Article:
Joint tenancy. Property owned by two or more persons with equal and undivided interest and ownership and the right of survivorship. If one owner dies, the property automatically passes to the others.
June 18, 2012 6:42 pm
A: Certified historic structures now enjoy a 20 percent investment tax credit for qualified rehabilitation expenses, if they are income producing properties. A historic structure is one listed in the National Register of Historic Places or so designated by an appropriate state or local historic district that is certified by the government. The tax code does not allow deductions for the demolition or significant alteration of a historic structure.
For more information, contact the National Trust for Historic Preservation at (202) 588-6000, or visit its web site at www.nationaltrust.org. Many states offer tax incentives, reductions and abatement programs for owners of residential historic homes.
June 15, 2012 6:34 pm
Abnormal and fluctuating weather conditions have not only left our homes in need of small repairs, but according to the National Pest Management Association, the unseasonably warm weather has also caused the bug season to start earlier.
Steven Kutcher, a Hollywood entomologist with more than 35 years of experience says that during warm weather season, more than 180,000 bugs could pass through your yard and several could make it inside your home through openings you may not even notice. Wear and tear allows easy access for insects through openings such as windows, doors and cracks. The good news is if you are worried about an infestation there are a few tips that you can try before using a pesticide.
To help keep unwanted bugs out of the home Kutcher suggests these simple tips:
• Know Your Bug - If you have a pesky bug you cannot control, catch it and do your research. Put the bug in a glass container and further examine it while doing online research in order to find suggestions to keep them out of the house.
• Prepare for Pests - To help protect your home and family from bug infestation, prepare in advance by having pest products on hand.
• Tackle Your Do-It-Yourself Projects - Bugs enter the home for food, water, protection from the weather and simply by accident. Be sure to tackle your outdoor and indoor DIY projects to repair any damage including weather stripping windows and doors and filling in any cracks in the wall or flooring. The more prepared your home is for peak bug season, the less likely insects and other pests can get in.
• Don't Bring Bugs Home - Shopping at a local flea market or garage sale is a fun way to spend summer days, but beware as bugs may be near. Be sure to check the purchases you make at each location for signs of insects including actual bugs. It's easy to get an infestation if you bring unwanted bugs into your home.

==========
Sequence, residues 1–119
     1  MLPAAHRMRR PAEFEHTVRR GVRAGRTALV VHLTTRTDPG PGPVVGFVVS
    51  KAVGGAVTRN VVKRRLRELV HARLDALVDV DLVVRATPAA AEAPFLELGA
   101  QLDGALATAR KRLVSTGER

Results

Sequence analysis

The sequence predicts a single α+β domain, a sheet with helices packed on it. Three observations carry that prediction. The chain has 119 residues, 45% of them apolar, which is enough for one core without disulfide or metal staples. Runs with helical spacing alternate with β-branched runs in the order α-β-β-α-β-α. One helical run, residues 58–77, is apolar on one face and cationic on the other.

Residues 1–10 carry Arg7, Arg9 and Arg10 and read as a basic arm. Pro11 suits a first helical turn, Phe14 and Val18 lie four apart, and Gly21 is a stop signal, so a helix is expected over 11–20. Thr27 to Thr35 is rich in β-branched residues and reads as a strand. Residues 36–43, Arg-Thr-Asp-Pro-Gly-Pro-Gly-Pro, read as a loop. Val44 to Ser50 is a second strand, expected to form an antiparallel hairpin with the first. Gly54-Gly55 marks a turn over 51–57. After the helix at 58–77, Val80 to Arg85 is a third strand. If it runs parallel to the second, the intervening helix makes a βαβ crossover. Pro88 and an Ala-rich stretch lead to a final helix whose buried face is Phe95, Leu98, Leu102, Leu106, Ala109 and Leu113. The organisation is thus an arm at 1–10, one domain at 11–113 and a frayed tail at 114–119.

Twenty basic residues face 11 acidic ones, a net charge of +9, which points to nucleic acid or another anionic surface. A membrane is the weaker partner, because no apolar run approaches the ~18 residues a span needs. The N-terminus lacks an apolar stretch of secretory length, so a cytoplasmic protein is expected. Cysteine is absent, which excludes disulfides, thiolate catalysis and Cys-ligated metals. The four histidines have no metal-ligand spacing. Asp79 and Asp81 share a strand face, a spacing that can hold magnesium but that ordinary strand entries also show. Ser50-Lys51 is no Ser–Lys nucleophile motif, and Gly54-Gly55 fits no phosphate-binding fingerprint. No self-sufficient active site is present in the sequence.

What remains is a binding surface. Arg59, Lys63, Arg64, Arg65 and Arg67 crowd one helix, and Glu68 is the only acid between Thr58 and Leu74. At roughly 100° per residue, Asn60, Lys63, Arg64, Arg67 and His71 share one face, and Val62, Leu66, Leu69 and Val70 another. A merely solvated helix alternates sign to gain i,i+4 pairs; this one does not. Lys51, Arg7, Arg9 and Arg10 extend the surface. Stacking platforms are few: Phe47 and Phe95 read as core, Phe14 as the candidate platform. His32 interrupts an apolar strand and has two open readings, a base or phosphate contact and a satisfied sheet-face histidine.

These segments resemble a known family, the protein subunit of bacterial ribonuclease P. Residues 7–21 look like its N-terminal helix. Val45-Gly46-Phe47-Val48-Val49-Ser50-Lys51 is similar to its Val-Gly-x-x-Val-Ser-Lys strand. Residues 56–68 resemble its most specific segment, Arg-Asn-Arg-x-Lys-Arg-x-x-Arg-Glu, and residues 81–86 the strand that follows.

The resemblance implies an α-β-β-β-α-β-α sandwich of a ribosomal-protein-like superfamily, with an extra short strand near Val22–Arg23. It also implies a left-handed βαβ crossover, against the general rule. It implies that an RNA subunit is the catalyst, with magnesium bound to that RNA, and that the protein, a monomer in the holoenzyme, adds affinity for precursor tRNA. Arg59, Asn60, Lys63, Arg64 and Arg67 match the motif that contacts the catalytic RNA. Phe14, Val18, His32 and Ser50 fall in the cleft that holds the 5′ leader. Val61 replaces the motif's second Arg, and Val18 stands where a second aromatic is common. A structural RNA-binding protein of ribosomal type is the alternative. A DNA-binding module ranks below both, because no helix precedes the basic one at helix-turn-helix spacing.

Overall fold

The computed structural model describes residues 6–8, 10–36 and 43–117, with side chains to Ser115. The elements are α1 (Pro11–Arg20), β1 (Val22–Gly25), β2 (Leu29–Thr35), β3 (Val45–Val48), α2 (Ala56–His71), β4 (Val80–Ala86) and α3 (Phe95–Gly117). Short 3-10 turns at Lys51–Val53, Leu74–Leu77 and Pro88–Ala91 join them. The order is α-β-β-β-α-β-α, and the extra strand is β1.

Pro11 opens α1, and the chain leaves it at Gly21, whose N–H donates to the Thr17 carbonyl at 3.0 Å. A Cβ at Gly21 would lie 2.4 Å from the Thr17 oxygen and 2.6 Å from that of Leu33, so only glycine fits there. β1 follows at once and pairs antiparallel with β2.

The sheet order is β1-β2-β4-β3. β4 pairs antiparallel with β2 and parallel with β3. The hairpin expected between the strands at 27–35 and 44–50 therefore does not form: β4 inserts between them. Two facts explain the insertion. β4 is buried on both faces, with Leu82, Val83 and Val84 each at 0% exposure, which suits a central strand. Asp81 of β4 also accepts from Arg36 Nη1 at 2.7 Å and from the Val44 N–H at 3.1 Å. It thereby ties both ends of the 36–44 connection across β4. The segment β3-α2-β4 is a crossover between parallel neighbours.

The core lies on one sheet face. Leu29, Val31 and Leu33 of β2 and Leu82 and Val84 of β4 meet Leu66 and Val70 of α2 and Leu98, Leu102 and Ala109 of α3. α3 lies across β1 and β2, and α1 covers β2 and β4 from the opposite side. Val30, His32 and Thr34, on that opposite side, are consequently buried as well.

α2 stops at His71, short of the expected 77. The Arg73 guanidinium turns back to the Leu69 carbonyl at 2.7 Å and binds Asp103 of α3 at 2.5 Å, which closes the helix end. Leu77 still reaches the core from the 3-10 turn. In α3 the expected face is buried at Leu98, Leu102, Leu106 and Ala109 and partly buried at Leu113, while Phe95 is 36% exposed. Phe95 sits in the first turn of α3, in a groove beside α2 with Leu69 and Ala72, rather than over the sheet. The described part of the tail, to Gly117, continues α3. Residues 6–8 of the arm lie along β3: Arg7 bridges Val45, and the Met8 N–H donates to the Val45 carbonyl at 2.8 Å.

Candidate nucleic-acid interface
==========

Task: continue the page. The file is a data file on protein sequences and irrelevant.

Learning how to tackle common household problems can help you and your family save money and keep everyone happy and healthy. And by ensuring you have the know-how and tools on hand, you can maintain and enjoy your home for years to come.
June 15, 2012 6:34 pm
When it comes to creating a workout regimen, there are many resources with helpful tips covering everything from stretching to strength training. But what you do after your workout can make the difference in the way you feel and perform. A hard workout can leave your body depleted and running on empty. The correct post-workout nutrition can help replace what you've lost and help your body refuel for the next workout, and post workout recovery activities are crucial.
Post Workout Active Recovery Techniques
In addition to recovery benefits from proper post-workout nutrition, an athlete's after-workout regimen should include active recovery techniques in the hours following intense exercise. Active recovery and rest days are linked to performance benefits.
• Cool down. To help your body bounce back, muscles must cool down. Light active recovery after a race will increase circulation and get your body back on track.
• Stretch. Stretch directly after exercise (or after a foam roll session) while muscles are warm. Stretching increases blood flow to muscle fibers, stimulates recovery and helps prevent injury.
• Massage. A massage helps release muscle tension and increases blood flow, which will help speed up the muscle repair process.
• Foam Roll. Foam rollers are like a self-massage and easy to travel with to training or competition. Foam rolling uses deep compression to help roll out muscle adhesions that develop over time, helping restore the muscle to its original length. The compression causes your nerves to relax -- a myofascial release -- which loosens the muscle and increases blood flow, all of which help your body recover.
• Ice. Within two hours of a very strenuous workout, ice muscles to reduce post-workout inflammation and swelling and decrease muscle soreness.
June 15, 2012 6:34 pm
Interim financing. Short-term loan usually made during the construction phase of a building project or until a permanent, long-term loan can be obtained. Also called a construction loan.